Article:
physical therapists
If you experience numbness and tingling into the pinky and ring fingers, avoid a lot of elbow bending and leaning on the elbow to protect your ulnar nerve.

When sitting use a firm chair with a straight back, maintain an adequate lordosis (using a lumbar roll will help support your low back).

Make time for stretching in your exercise routine. A dynamic stretch before, like trunk twists or gently bouncing on your toes before activities and static stretches holding the muscles on stretch for 20 seconds, is a good plan. The stretching prepares your body for activity and helps you maintain proper range of motion.


Wii-hab comes to Ridgefield Physical Therapy

Thu, Mar 24th, 2011

Ridgefield Press March 3, 2010

The Nintendo Wii entertainment system has brought physical activity to the world of video games, and now a local clinic is bringing that fun to their treatments.  Ridgefield Physical Therapy has incorporated this new technology, spicing up their patients’ treatment with “Wii-hab.”

Ridgefield Physical Therapy owner, Chuck Giordano, first saw the [KC1] gaming system used as a rehab device at the Connecticut Physical Therapy Association annual conference.  He saw the potential for his therapists to use the tool to provide individualized treatment in a safe and motivating fashion.

Not only are the programs fun and engaging but they have been proven to be effective in patient care.  Initial studies have shown patients improve in strength, balance and function after training with the Wii. “Our staff has seen good results thus far in our clinic in a wide variety of patients” said Giordano. “We know certain patients can benefit from the added functionality which the Wii can bring to their exercise programs, and we carefully apply this new method which can lead to improved outcomes,” adds Giordano.

Sam Powell, a senior physical therapy student from New England University, is currently completing his internship with Ridgefield Physical Therapy, and can attest to the program’s effectiveness. Sam completed his senior research project on the use of the Wii in rehabilitation and found several programs to be effective in training leg muscles.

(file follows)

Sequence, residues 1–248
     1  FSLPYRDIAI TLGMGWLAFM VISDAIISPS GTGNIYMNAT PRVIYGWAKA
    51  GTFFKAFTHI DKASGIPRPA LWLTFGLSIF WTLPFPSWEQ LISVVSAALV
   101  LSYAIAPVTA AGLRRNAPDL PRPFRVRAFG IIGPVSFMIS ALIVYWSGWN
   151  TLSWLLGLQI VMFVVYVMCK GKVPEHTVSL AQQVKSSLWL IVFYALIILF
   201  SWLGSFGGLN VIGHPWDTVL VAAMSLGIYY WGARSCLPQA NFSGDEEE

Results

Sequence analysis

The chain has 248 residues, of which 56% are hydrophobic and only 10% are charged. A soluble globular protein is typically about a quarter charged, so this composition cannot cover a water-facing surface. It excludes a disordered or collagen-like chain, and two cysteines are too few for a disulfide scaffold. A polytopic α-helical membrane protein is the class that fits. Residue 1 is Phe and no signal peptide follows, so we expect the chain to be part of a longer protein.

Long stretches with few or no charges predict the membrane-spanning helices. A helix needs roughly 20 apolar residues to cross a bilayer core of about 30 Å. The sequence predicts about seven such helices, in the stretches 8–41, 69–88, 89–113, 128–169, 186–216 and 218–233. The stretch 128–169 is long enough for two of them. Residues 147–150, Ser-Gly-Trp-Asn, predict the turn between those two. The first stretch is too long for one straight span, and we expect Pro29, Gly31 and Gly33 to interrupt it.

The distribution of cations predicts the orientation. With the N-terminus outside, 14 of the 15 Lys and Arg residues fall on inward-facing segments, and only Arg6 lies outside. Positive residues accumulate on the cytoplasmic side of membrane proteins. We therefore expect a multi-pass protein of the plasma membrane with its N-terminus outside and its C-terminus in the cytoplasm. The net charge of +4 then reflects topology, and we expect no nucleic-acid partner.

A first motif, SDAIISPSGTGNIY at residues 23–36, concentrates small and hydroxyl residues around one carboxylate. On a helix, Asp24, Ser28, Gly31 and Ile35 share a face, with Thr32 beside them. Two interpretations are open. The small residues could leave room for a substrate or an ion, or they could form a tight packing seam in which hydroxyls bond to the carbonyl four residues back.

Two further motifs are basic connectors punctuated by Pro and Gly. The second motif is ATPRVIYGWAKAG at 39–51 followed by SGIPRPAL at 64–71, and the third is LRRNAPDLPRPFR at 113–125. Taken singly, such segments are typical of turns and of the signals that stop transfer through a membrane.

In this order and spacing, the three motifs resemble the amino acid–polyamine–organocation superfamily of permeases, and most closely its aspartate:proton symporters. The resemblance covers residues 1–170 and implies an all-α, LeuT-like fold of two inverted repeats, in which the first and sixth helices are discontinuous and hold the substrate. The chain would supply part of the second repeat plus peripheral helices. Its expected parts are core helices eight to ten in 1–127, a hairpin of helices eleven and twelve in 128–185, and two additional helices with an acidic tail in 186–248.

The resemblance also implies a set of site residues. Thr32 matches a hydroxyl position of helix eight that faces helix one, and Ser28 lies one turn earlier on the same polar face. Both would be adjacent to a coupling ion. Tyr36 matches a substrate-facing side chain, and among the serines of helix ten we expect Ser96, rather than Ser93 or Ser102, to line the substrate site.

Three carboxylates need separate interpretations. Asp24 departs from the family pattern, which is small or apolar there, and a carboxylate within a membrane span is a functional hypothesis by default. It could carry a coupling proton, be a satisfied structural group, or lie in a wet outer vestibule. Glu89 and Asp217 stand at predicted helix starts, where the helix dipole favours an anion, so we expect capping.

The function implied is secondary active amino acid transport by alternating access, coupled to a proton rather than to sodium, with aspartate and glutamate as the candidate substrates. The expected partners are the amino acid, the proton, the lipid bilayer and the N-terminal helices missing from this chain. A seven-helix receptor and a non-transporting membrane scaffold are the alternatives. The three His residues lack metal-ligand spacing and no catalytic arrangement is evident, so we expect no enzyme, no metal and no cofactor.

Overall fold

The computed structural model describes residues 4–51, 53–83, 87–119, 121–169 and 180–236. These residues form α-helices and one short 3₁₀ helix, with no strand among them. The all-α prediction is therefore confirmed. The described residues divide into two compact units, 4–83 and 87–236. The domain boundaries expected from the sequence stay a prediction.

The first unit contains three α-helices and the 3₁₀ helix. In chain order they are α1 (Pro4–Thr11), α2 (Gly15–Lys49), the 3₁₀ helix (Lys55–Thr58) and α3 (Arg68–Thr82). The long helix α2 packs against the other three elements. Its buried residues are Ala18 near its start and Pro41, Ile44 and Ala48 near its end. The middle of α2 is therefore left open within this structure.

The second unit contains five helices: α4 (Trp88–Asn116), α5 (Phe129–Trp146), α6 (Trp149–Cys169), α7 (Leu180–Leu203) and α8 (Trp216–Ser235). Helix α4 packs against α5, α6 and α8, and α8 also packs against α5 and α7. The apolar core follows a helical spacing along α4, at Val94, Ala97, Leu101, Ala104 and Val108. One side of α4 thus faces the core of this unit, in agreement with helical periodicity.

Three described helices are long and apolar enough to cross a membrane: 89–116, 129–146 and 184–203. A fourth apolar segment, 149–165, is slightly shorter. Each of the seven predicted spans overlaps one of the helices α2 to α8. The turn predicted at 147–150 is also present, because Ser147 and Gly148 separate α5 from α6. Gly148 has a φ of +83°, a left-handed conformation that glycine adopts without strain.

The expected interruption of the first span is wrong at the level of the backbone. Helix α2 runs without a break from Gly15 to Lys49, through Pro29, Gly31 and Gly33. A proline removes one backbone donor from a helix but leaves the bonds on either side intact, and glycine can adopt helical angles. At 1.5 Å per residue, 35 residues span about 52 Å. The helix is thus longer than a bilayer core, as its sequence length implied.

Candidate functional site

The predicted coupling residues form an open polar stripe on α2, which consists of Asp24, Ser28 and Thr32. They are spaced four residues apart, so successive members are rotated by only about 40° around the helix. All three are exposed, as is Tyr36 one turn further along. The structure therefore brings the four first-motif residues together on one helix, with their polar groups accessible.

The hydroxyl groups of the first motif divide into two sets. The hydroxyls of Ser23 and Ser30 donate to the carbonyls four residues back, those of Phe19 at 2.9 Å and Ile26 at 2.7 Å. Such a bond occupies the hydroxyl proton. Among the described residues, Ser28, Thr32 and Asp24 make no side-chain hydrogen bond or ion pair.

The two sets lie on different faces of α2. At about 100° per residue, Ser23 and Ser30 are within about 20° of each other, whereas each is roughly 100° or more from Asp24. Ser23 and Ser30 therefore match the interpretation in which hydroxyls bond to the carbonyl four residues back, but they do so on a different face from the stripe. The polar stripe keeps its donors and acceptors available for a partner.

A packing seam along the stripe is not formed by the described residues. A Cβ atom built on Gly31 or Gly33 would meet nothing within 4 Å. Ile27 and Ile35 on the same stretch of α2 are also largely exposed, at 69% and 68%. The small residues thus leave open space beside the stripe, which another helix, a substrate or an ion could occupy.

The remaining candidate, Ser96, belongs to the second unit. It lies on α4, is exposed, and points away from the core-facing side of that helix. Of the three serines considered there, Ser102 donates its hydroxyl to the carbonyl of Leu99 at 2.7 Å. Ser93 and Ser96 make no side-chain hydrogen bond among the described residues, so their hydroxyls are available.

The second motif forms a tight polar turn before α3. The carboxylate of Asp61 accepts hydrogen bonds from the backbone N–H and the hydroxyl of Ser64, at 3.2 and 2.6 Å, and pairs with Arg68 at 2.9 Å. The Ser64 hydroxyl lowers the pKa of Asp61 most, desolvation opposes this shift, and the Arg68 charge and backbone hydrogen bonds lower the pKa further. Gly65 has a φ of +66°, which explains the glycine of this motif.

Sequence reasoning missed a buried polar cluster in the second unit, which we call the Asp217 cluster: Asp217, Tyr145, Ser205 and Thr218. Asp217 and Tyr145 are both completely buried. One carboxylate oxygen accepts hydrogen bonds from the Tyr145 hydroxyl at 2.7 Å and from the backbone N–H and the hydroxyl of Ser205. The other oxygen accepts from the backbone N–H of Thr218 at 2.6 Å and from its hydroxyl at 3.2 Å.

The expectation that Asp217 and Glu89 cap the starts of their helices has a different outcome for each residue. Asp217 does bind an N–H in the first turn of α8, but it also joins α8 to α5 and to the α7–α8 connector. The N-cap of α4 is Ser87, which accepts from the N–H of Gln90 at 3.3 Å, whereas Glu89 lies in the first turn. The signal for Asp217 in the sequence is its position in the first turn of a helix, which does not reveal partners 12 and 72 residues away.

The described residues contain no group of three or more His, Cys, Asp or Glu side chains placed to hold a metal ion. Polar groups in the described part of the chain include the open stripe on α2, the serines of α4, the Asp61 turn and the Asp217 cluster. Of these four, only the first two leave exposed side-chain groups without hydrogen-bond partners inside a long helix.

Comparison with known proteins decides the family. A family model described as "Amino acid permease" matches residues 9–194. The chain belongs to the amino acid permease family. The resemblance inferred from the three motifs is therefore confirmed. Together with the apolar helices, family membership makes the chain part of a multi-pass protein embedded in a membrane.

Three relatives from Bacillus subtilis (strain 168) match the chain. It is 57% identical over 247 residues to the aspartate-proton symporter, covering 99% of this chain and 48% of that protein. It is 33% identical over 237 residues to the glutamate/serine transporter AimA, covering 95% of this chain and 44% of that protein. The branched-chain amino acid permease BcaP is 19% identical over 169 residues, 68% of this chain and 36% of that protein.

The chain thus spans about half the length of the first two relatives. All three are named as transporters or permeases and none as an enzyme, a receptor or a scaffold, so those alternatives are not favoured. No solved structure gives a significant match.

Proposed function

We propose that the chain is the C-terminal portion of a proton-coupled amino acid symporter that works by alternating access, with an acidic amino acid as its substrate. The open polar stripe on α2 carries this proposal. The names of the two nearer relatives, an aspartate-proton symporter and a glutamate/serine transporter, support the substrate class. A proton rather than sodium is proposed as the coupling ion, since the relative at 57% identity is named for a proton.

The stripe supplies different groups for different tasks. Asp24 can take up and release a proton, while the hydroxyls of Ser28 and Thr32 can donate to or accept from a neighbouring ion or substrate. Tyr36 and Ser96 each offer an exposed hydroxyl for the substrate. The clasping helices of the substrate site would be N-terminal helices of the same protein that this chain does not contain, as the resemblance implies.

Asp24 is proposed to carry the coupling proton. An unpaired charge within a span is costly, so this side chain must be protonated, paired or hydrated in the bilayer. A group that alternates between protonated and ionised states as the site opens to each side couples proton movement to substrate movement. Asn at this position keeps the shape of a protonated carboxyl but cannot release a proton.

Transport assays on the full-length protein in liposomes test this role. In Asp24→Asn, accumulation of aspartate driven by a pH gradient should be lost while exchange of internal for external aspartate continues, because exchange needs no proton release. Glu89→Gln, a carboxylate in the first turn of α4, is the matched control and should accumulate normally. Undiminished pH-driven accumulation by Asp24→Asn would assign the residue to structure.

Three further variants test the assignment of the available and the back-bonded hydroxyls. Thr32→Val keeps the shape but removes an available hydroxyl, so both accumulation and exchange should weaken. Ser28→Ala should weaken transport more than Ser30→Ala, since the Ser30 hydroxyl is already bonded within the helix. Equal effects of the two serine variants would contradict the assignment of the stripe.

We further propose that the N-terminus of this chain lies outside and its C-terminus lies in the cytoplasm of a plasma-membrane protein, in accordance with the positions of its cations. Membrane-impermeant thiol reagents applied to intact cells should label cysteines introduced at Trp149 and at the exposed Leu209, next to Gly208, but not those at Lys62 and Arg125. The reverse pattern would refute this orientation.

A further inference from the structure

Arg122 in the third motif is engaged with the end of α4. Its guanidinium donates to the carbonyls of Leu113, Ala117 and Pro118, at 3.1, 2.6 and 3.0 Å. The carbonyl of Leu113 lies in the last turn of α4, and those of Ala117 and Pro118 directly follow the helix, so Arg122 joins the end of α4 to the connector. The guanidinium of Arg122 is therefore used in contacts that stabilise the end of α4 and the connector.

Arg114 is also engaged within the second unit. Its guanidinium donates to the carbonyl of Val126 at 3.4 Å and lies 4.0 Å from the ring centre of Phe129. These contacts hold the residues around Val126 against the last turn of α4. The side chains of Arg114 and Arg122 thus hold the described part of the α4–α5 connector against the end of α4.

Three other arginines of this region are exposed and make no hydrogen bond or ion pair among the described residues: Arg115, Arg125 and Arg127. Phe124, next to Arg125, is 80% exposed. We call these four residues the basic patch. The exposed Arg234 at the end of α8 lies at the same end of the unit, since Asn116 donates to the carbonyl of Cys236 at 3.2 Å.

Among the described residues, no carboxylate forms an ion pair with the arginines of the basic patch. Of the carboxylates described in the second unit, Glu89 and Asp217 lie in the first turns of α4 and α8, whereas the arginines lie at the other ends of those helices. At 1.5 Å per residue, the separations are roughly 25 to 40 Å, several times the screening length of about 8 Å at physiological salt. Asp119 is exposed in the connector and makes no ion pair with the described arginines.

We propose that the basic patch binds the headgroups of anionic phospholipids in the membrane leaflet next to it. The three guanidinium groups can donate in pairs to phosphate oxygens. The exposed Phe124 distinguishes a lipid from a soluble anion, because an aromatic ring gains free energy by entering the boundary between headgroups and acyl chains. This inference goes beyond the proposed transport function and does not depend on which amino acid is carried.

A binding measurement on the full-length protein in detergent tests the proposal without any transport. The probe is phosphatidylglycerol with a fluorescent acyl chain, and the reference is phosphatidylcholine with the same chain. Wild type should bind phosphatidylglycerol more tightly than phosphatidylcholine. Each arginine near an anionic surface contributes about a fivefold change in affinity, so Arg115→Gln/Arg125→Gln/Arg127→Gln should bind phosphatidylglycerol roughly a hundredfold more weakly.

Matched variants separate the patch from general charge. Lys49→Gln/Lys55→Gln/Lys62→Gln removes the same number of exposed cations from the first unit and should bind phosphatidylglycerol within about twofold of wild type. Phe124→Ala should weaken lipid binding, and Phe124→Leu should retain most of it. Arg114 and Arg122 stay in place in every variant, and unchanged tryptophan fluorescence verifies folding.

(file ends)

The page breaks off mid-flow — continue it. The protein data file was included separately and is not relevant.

The therapists at Ridgefield Physical Therapy have been very creative in the use of the Wii.  They have enhanced the benefits of the Wii specific exercise programs by adding challenging therapeutic equipment such as foam blocks, gym balls and resistance equipment. “Another plus is that many people have the Wii at home” said Giordano.  “If we prescribe beneficial exercises that patients can reproduce at home, that are also fun, they are more likely to be compliant and will see improvements faster.”

Hospitals, nursing homes, and other rehab centers have recently adopted “Wii-hab” to treat a wide range of diagnoses in all age groups.  The versatility of the tool allows it to appeal to children, adults and seniors - injecting fun and activity into their rehabilitation programs.

While “Wii-hab”is a new idea in physical therapy, it aligns with Ridgefield Physical Therapy’s core philosophy.  “Our number one priority is helping our patients regain and maintain their highest level of activity,” said Giordano “the Wii is helping us make injury prevention and rehabilitation a more dynamic and enjoyable process”.

About Ridgefield Physical Therapy

Opened in 2002 by owner Chuck Giordano, Ridgefield Physical Therapy provides the community with the highest level of care to treat movement dysfunctions and promote physical health and well being. Ridgefield Physical Therapy maintains a highly qualified staff and utilizes state-of-the-art techniques and equipment in a professional, compassionate, friendly and relaxing environment.  For more information please visit our website or call (203) 438-1898.

Ridgefield Physical Therapy patient Sally Hahn works with owner Chuck Giordano using the Wii system in her individualized therapy program.
Ridgefield Physical Therapy patient Sally Hahn works with owner Chuck Giordano using the Wii system in her individualized therapy program.

[KC1]It is not a virtual reality system

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